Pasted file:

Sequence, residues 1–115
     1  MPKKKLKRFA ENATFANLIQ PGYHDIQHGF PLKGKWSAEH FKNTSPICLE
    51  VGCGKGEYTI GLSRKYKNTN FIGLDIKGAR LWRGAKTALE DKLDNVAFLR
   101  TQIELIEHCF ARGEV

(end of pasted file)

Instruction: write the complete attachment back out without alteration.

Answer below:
Sequence, residues 1–115
     1  MPKKKLKRFA ENATFANLIQ PGYHDIQHGF PLKGKWSAEH FKNTSPICLE
    51  VGCGKGEYTI GLSRKYKNTN FIGLDIKGAR LWRGAKTALE DKLDNVAFLR
   101  TQIELIEHCF ARGEV